Ḥanīf religion (Arabic: الدین الحنیف), meaning a religion which conforms to human fitra or nature, refers to the religion propagated by all prophets from Adam (a) to the Prophet Muhammad (s). Being "hanif" is a feature of the divine religion which is straight and without any deviations. And specifically, it is a characteristic of Ibrahim (a)'s religion.
The word "hanif" (حنیف) means to incline or to lean. It is a noun whose meaning is completed by a complementary noun. So "hanif" means something that inclines; and someone whose fingers are inclined outwards or whose legs are inclined is called "aḥnaf" (Arabic: أحنف).
However, some people hold that "hanif" means straight and direct. Thus in fact a person whose legs are straight is called "ahnaf", but a person whose legs are inclined is only called "ahnaf" for its good fortune, just as in Arabic a person who is sick is called healthy, because of the good fortune.
Religion of Ibrahim (a)
|“||Ibrahim was not a Jew nor a Christian but he was hanif, a Muslim, and he was not one of the polytheists||”|
|— Qur'an 3:67|
|“||And who has a better religion than he who submits himself entirely to Allah? And he is the doer of good and follows the faith of Ibrahim, the hanif (upright) one, and Allah took Ibrahim as a friend.||”|
|— Qur'an 4:125|
The hanif religion was both a religious and reformist movement whose propagators were characterized as followers of Ibrahim (a)'s religion. Hanif people were skeptical of polytheism and idolatry; they went to caves for worships and reflections, and they called people to Ibrahim (a)'s old religion. These thoughts were influential in undermining the foundations of idolatry in the Arabian Peninsula and led to people's self-consciousness. Thus opposition to idols had already started before the emergence of Islam.
Customs of Some Arabs
The "hanif religion" is also used to refer to customs of some Arabs in the Jahiliyya period, which consisted of some practices that were remnants of Ibrahim (a)'s religion. It included practices such as hajj rituals, circumcision of boys, and janaba ghusl (ritual bath after impurity caused by sexual intercourse or seminal discharge).
As a Title for Polytheists
Jews and Christians used to call polytheists as "hanifs", and thus they used the word to refer to idolatry.
Conversion to the Right Religion
Some people take "hanif" to refer to a person who converts from a wrong religion to the right religion. This terminology is derived from the literal meaning of the word and has been made by some scholars of the Quranic exegesis.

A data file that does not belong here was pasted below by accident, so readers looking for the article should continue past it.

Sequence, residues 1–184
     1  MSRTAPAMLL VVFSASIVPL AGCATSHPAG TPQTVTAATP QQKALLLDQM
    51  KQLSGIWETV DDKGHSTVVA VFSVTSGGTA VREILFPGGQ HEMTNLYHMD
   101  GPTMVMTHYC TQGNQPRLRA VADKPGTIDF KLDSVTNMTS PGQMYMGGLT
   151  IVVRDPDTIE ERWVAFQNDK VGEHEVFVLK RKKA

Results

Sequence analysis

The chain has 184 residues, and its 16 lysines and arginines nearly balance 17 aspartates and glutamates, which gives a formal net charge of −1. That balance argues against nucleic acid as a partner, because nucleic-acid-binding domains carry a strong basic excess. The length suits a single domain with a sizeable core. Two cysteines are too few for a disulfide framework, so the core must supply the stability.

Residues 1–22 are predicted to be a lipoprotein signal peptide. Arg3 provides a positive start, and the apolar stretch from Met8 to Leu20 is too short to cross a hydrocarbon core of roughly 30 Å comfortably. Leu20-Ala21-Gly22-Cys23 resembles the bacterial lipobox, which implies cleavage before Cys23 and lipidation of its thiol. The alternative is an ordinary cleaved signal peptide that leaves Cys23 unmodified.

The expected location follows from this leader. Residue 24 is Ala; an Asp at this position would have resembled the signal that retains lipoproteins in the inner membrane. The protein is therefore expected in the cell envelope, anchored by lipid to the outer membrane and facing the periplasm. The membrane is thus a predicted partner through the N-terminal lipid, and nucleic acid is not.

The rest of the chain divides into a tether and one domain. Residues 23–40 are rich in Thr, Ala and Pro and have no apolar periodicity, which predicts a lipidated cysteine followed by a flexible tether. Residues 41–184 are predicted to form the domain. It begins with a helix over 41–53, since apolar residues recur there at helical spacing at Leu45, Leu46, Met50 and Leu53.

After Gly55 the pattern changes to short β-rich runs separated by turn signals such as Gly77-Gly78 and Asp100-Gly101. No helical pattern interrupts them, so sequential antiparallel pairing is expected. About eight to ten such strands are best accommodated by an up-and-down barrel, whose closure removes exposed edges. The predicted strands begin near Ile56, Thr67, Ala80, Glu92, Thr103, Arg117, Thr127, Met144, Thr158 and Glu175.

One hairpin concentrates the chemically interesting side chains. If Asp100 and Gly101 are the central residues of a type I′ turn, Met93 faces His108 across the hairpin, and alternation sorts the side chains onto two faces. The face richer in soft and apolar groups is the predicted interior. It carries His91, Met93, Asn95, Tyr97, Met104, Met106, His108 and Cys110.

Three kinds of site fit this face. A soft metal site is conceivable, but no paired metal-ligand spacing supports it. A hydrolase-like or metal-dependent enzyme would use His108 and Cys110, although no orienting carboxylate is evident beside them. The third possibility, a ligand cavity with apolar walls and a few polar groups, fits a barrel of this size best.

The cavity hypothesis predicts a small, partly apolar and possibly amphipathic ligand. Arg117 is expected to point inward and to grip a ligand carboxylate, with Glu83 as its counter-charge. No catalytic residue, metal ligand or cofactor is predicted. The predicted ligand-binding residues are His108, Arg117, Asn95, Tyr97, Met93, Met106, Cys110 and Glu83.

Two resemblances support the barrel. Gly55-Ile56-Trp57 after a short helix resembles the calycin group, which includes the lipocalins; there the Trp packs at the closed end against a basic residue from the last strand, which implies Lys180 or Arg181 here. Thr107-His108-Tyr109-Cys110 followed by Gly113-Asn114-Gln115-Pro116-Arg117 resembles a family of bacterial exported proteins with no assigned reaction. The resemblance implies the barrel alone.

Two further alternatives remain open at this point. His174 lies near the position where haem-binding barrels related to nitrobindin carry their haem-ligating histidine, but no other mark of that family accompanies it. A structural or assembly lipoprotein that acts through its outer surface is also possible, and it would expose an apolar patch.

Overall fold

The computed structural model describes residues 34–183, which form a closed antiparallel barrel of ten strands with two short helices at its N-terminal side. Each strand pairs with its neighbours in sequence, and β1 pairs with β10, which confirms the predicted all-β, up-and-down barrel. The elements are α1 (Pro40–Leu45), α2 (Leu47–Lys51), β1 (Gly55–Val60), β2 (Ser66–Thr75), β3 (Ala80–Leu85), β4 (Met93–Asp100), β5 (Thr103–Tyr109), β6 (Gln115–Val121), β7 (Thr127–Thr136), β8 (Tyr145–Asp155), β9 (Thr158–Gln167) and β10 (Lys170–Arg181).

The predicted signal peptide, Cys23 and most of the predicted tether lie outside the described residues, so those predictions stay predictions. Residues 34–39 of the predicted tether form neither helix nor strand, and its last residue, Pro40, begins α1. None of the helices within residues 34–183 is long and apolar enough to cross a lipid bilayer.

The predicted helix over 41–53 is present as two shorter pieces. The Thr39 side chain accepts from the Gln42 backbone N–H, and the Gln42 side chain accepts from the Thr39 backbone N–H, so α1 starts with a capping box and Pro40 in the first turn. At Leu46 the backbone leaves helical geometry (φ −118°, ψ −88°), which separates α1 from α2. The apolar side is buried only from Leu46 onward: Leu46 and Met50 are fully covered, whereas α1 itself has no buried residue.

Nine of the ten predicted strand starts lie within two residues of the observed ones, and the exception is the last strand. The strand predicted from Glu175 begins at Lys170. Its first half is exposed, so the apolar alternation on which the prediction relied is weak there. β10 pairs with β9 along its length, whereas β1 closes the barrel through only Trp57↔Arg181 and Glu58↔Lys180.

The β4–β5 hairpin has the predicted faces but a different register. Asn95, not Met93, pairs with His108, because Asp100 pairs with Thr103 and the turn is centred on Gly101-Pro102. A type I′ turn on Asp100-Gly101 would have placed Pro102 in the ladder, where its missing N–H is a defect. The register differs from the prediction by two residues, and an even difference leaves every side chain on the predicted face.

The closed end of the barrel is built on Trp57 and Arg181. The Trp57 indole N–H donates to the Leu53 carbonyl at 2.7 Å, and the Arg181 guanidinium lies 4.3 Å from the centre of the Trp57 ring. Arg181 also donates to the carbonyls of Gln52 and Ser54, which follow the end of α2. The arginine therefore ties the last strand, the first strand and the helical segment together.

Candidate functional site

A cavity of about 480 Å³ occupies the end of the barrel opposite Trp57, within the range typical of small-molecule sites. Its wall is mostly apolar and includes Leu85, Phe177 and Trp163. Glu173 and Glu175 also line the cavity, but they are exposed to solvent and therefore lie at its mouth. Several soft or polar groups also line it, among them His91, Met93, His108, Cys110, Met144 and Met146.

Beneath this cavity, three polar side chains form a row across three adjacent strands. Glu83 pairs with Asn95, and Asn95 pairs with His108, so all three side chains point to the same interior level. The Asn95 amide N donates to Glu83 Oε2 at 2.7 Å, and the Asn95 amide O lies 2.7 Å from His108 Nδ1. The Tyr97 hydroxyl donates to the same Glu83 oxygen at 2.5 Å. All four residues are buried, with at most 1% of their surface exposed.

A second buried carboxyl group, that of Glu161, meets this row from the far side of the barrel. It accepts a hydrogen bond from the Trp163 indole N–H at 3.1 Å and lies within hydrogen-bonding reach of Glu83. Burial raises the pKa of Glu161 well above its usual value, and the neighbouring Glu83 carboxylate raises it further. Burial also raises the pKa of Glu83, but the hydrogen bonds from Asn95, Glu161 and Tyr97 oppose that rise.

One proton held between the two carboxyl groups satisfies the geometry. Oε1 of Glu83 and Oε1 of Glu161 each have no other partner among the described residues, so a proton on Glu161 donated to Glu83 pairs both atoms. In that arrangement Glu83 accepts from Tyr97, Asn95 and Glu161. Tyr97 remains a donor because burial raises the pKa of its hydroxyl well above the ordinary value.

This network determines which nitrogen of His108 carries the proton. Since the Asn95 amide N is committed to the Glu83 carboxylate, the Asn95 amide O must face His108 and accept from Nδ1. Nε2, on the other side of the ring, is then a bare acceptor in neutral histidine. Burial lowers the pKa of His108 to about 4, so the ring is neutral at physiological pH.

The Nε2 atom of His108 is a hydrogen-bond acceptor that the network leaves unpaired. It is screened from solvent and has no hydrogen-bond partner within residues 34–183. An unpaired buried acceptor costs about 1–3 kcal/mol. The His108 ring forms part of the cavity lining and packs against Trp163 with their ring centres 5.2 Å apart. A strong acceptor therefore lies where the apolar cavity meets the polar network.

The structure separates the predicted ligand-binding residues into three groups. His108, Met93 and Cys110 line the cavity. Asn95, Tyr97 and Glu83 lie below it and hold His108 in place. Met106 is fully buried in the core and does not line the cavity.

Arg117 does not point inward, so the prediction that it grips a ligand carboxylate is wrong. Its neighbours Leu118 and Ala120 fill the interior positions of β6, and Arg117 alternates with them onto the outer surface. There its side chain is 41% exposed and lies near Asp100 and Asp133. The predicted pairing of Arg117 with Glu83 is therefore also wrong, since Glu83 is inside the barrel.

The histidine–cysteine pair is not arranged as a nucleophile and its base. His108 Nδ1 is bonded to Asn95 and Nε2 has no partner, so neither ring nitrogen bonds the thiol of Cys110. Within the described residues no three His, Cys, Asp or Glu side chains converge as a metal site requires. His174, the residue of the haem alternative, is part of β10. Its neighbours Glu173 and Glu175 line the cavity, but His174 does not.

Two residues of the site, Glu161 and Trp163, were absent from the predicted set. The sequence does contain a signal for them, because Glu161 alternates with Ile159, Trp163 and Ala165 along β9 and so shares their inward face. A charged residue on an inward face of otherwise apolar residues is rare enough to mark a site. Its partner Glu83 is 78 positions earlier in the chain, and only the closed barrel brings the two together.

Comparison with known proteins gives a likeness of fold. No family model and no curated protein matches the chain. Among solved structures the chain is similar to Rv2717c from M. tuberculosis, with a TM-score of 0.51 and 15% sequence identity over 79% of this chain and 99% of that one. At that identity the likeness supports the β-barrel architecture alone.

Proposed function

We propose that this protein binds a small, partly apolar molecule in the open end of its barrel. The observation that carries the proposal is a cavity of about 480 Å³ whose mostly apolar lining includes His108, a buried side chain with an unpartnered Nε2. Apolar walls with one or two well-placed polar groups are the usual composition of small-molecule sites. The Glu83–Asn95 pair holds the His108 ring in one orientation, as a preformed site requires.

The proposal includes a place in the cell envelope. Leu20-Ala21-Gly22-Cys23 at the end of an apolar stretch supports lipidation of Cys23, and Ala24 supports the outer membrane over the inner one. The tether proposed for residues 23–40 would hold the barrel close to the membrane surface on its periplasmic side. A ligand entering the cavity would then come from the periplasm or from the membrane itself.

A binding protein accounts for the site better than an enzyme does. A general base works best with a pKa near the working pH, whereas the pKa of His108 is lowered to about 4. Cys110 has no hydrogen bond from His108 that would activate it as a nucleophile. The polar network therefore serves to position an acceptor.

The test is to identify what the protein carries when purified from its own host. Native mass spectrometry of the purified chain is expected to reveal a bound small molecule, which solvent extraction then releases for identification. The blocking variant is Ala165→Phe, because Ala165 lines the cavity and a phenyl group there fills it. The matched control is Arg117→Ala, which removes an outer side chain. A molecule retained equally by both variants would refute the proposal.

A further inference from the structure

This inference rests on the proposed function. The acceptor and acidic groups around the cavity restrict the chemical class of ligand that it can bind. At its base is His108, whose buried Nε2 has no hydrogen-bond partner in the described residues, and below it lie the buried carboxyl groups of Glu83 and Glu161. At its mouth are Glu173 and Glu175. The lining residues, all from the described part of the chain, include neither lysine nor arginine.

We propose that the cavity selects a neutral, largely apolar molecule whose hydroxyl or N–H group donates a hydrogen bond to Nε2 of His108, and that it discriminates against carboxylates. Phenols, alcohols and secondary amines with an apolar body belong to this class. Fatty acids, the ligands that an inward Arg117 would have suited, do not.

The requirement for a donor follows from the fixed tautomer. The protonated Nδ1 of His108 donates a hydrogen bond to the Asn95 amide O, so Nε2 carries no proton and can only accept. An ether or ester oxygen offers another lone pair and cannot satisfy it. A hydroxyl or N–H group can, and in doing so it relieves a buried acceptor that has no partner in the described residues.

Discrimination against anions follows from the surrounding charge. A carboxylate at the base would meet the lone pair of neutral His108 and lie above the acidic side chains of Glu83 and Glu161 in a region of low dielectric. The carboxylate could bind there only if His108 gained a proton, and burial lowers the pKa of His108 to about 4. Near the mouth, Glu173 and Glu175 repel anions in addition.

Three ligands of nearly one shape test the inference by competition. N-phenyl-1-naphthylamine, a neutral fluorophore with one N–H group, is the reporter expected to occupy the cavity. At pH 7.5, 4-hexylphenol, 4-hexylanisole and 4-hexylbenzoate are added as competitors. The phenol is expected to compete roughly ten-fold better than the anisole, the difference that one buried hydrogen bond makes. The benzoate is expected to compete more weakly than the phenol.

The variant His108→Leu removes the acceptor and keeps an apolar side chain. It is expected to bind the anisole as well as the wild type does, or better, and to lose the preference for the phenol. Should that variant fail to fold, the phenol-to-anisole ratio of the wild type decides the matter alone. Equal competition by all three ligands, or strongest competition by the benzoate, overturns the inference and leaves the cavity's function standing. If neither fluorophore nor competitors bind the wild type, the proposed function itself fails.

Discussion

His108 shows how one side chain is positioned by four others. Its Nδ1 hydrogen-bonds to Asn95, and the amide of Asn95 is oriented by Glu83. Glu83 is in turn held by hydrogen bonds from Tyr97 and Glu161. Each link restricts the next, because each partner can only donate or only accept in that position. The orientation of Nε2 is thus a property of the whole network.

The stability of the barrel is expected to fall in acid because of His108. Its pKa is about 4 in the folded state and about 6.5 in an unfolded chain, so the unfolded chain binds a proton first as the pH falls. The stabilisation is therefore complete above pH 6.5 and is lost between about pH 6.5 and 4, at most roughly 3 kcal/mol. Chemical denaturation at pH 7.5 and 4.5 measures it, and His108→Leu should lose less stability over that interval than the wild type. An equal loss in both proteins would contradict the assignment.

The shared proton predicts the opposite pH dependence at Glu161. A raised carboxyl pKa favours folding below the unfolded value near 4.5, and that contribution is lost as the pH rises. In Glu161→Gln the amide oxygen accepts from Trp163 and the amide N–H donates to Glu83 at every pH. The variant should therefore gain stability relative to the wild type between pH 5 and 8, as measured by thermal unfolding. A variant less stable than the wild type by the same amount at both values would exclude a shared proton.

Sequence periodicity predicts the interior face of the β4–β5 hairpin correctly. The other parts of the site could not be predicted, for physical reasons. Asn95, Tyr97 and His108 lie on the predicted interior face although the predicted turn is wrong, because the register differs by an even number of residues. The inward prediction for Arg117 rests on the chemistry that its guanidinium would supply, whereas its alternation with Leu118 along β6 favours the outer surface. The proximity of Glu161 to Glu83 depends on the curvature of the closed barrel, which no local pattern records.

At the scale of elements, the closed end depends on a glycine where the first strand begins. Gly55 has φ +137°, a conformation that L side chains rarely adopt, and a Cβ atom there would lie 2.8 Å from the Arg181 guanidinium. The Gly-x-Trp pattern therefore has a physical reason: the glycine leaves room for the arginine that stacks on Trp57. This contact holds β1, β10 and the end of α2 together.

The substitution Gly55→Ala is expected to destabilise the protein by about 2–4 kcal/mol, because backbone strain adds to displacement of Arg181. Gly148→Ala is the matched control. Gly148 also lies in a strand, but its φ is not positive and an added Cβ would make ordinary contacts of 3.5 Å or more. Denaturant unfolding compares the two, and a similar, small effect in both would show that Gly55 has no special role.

- "To be hanif is to be a Muslim (a person who submits to God)".
and Imam al-Baqir (a) said:
- "Al-Qanit means obedient and al-hanif means Muslim".
It must be noted that "Islam" has two meanings: it literally means submission and surrender, and it terminologically refers to the specific religion emerged after the revelation of the Qur'an. Sometimes prophets before Muhammad (s) are called Muslims or followers of Islam, which is meant to be in the literal sense of the term.
"Hanif" is sometimes used as a feature of the divine religion that all prophets are obligated by God to propagate. This religion is called "Islam", that is, submission to God. According to the Quran:
|“||the only religion before Allah is submission (Islam).||”|
|— Qur'an 3:19|
|“||and that you should keep your face towards the religion in a hanif way (uprightly); and you should not be of the polytheists.||”|
|— Qur'an 10:105|
In sources of hadith, the Prophet (s) is reported to have said that "Allah has ordered that I call to his hanif religion".
In the Quran
The word "hanif" has occurred 10 times in the Qur'an, and its plural form, "hunafa'" (Arabic: حنفاء) has occurred 2 times. 2 out of its 10 occurrences characterize the religion, 5 of them characterize the Ibrahim (a)'s religion or path, asking people to follow his religion because it was close (or "inclined") to the right religion.
And there are two occurrences of the word characterizing Ibrahim (a) himself; one of them occurs in the above verse (3:67), and the other one occurs in the verse:
|“||surely Ibrahim was an exemplar, obedient to Allah, hanif (upright), and he was not of the polytheists.||”|
|— Qur'an 16:120|
The uses of the word "hanif" in the holy Quran imply monotheism that is apprehended by fitra and the outlook of prophets, particularly Ibrahim (a), and that it is contrary to polytheism. The verses (Quran 6:79, Quran 30:30 and others) show that there is a connection between being hanif and fitra (that is, instinctive grasp of the creator of the world). Some verses (Quran 2:135 and Quran 3:67) imply two issues:
- To be a hanif is neither to be a Jew, nor to be a Christian.
- It amounts to being a Muslim (in the literal sense, that is, submission to God).
The most significant use of "hanif" in hadiths is its application to a set of guidelines regarding health issues revealed by God to Ibrahim (a), some of which were practiced by a few Arabs during the Jahiliyya period. These traditions were revived by the Prophet Muhammad (s).
The material for this article is mainly taken from آیین حنیف in Farsi WikiShia.